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How do you get a new American play to Broadway? The best way—just about the only way, truth to tell—is to find a TV or movie star who wants to act in it. Witness “American Son,” which tells the grim tale of three black teenagers in a shiny new Lexus who get pulled over by a Miami patrol car one dark and stormy night. Written by Christopher Demos-Brown, a Florida playwright whose work is new to me, it has reached Broadway after just two regional productions, at Massachusetts’ Barrington Stage Company and New Jersey’s George Street Playhouse. Such a thing scarcely ever happens to straight plays nowadays, and the fact that it happened to “American Son” is owing to the interest of two of the show’s producers, Kerry Washington and Shonda Rhimes, the first of whom was the star of “Scandal” and the second of whom was its creator and showrunner. Ms. Washington is also the star of “American Son,” which means that it’s almost certainly going to do pretty well—maybe even very well—at the box office.
If so, though, it will also be in part because Mr. Demos-Brown’s eighth play, in addition to being topical, is unswervingly conventional in its dramaturgy. “American Son” is a one-set, small-cast, no-intermission real-time show that bears a distinct family resemblance to such issue-driven live-TV dramas of the ’50s as Reginald Rose’s “Twelve Angry Men.” The setting has been updated, but the method remains the same…
What we have here, in short, is an earnestly meant, soundly made commercial stage drama of the kind that used to play Broadway regularly, one that is overly inclined to TV-type clichés but proves to be unexpectedly good about not stacking the deck…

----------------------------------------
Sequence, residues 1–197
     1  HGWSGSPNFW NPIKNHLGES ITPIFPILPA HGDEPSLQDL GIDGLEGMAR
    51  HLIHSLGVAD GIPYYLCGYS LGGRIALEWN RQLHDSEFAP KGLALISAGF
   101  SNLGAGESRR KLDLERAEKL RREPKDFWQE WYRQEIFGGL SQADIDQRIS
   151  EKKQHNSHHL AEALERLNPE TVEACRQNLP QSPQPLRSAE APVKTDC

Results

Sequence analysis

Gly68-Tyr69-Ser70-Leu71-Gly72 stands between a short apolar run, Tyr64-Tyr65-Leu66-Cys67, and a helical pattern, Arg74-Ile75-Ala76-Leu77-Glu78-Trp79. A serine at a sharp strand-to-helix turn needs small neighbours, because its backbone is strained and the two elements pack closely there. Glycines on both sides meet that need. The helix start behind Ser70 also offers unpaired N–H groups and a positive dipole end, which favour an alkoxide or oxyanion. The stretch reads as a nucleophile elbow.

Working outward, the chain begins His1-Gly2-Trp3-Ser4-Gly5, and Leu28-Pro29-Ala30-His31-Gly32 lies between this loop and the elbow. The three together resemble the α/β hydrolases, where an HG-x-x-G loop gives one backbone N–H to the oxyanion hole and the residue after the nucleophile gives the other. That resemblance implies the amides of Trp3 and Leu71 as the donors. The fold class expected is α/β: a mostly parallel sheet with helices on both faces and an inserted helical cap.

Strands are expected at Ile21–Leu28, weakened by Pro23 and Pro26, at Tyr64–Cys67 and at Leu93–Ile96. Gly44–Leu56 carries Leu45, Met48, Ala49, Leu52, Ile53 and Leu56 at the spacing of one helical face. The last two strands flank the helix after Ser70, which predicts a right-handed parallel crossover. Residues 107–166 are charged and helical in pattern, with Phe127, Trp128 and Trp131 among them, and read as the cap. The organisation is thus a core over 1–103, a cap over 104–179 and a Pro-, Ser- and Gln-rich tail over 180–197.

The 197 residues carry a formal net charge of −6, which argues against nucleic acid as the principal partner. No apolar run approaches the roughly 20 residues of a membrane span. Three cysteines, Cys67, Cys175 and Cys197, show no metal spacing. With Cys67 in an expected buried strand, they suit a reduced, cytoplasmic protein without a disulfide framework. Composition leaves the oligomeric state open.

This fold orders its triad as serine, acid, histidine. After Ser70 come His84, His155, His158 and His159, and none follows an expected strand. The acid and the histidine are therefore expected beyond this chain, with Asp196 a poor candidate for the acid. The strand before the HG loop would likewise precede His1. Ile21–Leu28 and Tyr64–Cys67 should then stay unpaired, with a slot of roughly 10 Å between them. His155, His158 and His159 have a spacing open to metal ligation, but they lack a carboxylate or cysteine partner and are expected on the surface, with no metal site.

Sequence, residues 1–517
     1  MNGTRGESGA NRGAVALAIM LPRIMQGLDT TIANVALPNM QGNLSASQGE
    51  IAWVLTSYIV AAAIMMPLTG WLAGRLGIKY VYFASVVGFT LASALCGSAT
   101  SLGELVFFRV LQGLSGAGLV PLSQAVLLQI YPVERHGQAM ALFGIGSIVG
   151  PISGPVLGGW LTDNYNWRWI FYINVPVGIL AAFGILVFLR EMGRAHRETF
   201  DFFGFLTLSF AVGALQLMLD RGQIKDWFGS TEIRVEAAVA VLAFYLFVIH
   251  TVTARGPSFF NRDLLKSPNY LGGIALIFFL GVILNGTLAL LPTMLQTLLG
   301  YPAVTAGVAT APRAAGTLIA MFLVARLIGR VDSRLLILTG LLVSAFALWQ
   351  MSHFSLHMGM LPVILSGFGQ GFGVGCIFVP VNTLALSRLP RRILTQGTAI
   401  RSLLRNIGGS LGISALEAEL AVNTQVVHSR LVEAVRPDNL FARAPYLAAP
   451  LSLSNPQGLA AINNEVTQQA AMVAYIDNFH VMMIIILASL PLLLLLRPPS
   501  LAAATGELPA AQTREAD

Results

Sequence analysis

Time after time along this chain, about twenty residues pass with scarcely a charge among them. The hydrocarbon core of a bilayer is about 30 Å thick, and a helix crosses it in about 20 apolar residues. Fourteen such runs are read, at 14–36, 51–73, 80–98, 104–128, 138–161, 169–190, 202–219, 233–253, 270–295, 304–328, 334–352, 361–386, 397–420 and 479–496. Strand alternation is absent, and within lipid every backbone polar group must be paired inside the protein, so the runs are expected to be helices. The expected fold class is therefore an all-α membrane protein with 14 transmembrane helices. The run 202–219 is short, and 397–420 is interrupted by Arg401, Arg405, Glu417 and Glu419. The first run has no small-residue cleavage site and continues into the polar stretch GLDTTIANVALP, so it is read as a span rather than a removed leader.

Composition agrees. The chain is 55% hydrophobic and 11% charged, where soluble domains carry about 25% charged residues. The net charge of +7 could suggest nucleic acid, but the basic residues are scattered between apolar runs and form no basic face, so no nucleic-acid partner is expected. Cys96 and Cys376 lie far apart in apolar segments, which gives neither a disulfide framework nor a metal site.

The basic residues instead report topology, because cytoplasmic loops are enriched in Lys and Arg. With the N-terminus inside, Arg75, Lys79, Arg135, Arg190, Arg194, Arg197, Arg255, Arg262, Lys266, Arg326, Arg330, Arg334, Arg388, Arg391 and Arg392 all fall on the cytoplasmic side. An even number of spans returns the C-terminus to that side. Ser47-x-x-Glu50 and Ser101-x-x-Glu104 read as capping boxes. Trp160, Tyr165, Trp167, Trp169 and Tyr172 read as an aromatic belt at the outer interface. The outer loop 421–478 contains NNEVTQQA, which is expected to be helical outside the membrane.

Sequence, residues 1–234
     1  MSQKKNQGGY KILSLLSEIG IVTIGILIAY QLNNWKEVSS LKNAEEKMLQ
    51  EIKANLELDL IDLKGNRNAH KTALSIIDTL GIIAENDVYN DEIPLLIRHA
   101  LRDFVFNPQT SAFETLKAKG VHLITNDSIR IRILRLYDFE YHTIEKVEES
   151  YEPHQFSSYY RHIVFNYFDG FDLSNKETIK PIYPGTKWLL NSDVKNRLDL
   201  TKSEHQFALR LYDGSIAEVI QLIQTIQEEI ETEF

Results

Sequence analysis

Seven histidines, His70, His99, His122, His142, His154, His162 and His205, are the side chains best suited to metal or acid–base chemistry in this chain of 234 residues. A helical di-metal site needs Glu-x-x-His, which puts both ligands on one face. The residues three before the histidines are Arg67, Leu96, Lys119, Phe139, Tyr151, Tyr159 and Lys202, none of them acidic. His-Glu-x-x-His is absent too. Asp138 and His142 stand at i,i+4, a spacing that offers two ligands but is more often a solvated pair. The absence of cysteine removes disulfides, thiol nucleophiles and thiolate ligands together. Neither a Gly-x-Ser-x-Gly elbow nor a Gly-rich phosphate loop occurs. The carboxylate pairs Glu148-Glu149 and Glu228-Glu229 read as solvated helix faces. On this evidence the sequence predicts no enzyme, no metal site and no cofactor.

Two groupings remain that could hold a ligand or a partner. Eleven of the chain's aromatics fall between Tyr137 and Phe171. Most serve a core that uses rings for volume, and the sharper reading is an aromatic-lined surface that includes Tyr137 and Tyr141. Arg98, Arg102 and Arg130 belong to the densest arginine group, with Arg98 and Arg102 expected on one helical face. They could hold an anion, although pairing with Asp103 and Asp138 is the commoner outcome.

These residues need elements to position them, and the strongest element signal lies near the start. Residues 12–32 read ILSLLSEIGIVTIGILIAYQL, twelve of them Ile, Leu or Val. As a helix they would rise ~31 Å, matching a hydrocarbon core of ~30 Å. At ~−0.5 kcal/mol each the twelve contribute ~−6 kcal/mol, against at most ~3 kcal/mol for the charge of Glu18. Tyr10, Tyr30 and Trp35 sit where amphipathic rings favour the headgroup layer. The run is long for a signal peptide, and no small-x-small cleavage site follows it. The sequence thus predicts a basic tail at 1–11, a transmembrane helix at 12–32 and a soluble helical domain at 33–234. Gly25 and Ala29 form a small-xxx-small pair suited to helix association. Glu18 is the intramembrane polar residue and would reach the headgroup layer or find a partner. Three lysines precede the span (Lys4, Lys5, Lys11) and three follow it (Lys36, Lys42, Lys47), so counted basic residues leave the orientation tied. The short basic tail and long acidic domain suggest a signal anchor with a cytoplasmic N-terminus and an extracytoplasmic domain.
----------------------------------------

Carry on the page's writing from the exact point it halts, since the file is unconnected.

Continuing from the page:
Have you been waiting for an Australian musical version of “King Kong” in which the story of the gorilla who loved and lost an actress is turned into a “42nd Street”-style backstage musical full of New Age uplift? Then wait no longer: The show of your wildest dreams has come to Broadway.
The title character is played by a giant puppet designed by Sonny Tilders and manipulated by a team of 10 stalwart operators. Between them, they give us a creature so expressive that he seems to have wandered into the theater from another, vastly better musical. He (if that’s the right word) is the best thing about “King Kong,” closely followed by Christiani Pitts, who is charming as the chorus girl who delivers King Kong into the clutches of the bad guys, then thinks better of her misdeed and resolves to help him.
Otherwise, it’s hard to know where to start pitching the tomatoes….
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To read my review of American Son, go here.
To read my review of King Kong, go here.
The trailer for American Son:
A music video of “Queen of New York,” one of the songs from King Kong, performed by Christiani Pitts and members of the Broadway cast: